Women’s Rugby World Cup 2017: The Beginner’s Guide


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Can England defend their World Cup title from 2014? I certainly think so

In just a few days’ time 12 teams will lock horns, scrum down and kick for glory as they battle to win the eighth Women’s Rugby World Cup in Ireland.

With England (also known as the Red Roses) looking to retain the tournament they won in 2014,  here is my guide as to why you should follow the latest instalment in the Emerald Isle between 9-26 August.

So, why should I be interested?

Two reasons:

1) England have a superb chance of winning
2) It’s bloody brilliant to watch

You say it’s brilliant to watch, but surely it’s not going to be as good as seeing the men play?

We really need to stop comparing men and women when it comes to team sports. They are two completely different entities. The tactics, the style, the players, they’re all different. Of course there are going to be many things that are relevant for both genders but there’s no reason to compare them; they are different games.

Anyone who has spent time watching women’s rugby knows it’s fascinating, something this year’s Six Nations proved in abundance. It had literally everything, from routs to stunning comebacks to dramatic last-gasp victories with a host of superb attacking and defensive play in between.

And if you really do want to compare the two then, statistically, you are actually likely to see more tries scored in a game of women’s rugby. For example, at the last World Cup in 2014 there were 176 tries scored across 30 fixtures at an average of 5.87 per game. In comparison, the male event a year later saw 271 tries in 48 games at 5.65 per game. So there.

Ok ok, you made your point! But can England really win?

Yes. The Red Roses emphatically won their first Six Nations ‘Grand Slam’ since 2012 back in March before defeating Australia, Canada and New Zealand in June to move to the top of the world rankings for the first time. The squad has never looked stronger, their attacking threat never greater, their confidence never higher.

That’s all well and good but can they perform under pressure when it really counts?

A very good point – we’ll just have to wait and see until the tournament kicks off. But there’s no reason why they can’t. They have certainly proved in the last few months that they can cope when under the cosh.

In the opening game of this year’s Six Nations they found themselves trailing 13-0 at half-time against France but came back to win 26-13. They also managed to beat New Zealand – long revered as the world’s best team – in sopping wet conditions in front of a pretty boisterous Rotorua crowd.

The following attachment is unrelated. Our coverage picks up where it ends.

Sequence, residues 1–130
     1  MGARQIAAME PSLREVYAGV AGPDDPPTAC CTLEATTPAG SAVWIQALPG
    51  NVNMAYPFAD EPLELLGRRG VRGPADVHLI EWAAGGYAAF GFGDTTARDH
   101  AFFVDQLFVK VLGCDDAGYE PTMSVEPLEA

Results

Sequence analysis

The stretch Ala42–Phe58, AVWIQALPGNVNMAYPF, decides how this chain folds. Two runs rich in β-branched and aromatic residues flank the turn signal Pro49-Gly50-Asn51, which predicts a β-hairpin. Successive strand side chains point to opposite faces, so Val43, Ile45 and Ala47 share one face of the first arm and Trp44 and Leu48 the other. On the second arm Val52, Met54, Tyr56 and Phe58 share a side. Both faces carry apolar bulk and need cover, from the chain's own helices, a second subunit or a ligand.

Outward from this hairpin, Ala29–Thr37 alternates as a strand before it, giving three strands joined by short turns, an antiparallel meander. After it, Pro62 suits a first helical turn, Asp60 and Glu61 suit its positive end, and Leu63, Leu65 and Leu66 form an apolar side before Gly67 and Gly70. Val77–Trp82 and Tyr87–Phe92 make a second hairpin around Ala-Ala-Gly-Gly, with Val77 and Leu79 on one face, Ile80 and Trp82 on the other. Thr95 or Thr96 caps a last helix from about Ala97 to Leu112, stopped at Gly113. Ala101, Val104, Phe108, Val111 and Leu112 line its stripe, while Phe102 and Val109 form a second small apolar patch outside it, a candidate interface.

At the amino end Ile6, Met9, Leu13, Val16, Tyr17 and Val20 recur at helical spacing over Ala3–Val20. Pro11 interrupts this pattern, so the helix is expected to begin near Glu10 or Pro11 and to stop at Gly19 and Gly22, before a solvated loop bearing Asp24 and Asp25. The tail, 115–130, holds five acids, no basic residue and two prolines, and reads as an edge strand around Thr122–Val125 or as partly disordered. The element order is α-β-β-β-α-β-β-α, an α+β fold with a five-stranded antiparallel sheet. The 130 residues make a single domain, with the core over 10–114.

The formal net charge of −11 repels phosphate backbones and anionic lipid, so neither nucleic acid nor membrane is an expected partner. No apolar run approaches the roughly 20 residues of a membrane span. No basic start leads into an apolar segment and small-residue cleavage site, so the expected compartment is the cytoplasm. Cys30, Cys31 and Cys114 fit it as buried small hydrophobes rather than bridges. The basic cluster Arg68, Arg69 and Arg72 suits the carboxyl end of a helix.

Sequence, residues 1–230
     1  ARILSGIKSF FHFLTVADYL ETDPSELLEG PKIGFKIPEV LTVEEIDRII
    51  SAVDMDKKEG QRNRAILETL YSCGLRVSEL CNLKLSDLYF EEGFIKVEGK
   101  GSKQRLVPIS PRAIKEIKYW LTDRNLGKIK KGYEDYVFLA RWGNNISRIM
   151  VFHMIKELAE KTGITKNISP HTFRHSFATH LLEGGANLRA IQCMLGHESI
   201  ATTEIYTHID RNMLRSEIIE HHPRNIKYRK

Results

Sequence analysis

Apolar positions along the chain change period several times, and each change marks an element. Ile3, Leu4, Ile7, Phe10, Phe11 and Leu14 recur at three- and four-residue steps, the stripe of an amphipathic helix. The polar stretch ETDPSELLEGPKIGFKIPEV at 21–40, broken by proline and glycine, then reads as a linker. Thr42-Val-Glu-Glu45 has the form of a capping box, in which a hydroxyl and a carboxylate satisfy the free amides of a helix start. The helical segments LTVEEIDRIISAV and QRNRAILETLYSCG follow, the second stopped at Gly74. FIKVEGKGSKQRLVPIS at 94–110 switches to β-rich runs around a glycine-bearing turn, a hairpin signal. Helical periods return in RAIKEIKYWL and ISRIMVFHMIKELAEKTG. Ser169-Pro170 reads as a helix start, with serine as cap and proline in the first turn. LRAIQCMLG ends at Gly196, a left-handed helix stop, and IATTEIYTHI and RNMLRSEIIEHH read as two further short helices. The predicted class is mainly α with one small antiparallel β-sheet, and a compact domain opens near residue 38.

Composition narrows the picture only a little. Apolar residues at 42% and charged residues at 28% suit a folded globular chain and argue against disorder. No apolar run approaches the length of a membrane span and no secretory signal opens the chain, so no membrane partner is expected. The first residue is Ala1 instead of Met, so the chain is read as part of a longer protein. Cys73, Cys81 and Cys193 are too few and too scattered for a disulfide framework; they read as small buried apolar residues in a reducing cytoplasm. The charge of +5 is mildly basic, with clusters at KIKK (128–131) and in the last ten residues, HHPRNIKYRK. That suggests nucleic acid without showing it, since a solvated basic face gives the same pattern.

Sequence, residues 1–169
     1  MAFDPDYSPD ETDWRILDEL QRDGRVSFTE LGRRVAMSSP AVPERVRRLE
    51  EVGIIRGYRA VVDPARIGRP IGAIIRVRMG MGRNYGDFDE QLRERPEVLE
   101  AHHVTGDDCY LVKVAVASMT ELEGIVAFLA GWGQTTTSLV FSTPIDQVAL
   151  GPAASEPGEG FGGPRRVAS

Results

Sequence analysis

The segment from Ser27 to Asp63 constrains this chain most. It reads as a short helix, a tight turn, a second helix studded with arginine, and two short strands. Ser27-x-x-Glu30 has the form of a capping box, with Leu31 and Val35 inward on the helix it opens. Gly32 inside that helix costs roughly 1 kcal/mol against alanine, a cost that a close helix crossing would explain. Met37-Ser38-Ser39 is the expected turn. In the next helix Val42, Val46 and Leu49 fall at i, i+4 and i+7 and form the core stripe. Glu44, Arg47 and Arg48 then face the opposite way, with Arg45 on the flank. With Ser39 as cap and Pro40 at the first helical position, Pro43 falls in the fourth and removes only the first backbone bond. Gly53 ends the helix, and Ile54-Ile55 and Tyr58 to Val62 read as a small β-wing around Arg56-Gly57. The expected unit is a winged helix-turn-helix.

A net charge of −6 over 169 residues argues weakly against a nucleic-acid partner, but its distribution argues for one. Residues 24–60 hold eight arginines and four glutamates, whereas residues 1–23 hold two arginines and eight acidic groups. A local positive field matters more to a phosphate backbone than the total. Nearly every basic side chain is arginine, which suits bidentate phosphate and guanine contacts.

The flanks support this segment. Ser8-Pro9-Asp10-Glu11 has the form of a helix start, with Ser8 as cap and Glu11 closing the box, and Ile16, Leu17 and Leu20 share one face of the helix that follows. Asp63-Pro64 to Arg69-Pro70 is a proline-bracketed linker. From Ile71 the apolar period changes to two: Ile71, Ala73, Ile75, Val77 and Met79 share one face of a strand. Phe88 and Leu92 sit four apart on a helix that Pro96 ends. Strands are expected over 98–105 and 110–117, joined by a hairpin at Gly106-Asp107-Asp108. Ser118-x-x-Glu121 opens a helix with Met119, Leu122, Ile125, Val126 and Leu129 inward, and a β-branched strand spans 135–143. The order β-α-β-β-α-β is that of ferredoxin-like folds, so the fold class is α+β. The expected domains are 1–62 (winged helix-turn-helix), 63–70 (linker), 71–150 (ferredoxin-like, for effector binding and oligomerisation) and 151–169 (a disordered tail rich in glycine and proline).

What’s more, this is the best prepared an England XV-a-side squad have ever been, having trained full-time since January this year. They know their game inside-out and will undoubtedly have prepared for every eventuality.

Which players should I look out for then?
I spoke to flanker Marlie Packer a few weeks ago and she said each member of the 28-strong squad is world-class; I couldn’t agree more. Has there ever been a more complete England team in any sport? I don’t think so. There are no weak links – every position has at least two players who could easily make the starting XV.

The forward pack has been very dominant recently, tearing many sides apart, and they are marshalled superbly by captain Sarah Hunter. A key member of the 2014 squad, Hunter has won 93 caps, scored 19 international tries and was named the 2016 World Rugby Women’s Player of the Year.

And if they aren’t quite fully functioning then England also boast the most threatening backline in the game. Fly-half Katy McLean is a legend of the sport, Amy Wilson-Hardy is one of the most exciting new talents around and the back three of Lydia Thompson, Danielle Waterman and the superb Kay Wilson are fearsome.

But there is one person who makes them all tick and that’s Emily Scarratt. The hero of the 2014 final, the centre is a class above anyone else in the game. Her passing is exceptional and her kicking fantastic but – most importantly – she is incredibly intelligent, setting up and controlling every attacking move. If England retain their title, expect Scarratt to be the main reason for it.

What about the other teams and players?

New Zealand will be the main threat. They will be keen to exact revenge on England following their recent loss to the Red Roses and will look to the speedy Portia Woodman to lead their charge for a fifth World Cup success and their first since 2010.

Canada are also set to challenge and will certainly be using the pain of losing the 2014 final to spur them on to a first World Cup win. Winger Magali Harvey was their star of that tournament – scoring an outrageous 87m try against France before being subsequently named World Player of the Year – and will be a huge threat once again this time round.

It’s probably worth keeping an eye on 2016 Six Nations champions France as well. It’s always been a case of so-near-yet-so-far for them at the World Cup, having finished third on five separate occasions. Jade Le Pesq and Christelle Le Duff form one of the most impressive halfback combinations in the game and can pull any defence to pieces on their day.

That’s it, you’ve converted me! But where do I watch it?

Every single game is being broadcast live on ITV, with England’s first Pool B fixture against Spain starting at 14:00 on Wednesday 9 August. They then face Italy on Sunday 13 August at 14:30 and the USA on Thursday 17 August at 14:30, while the final will be on Saturday 26 August at 19:45.

Awesome! I’m so excited, can’t wait for it to get underway!
Me too!

You can also listen to my interview with Marlie Packer by clicking on this link and skipping to 26:30

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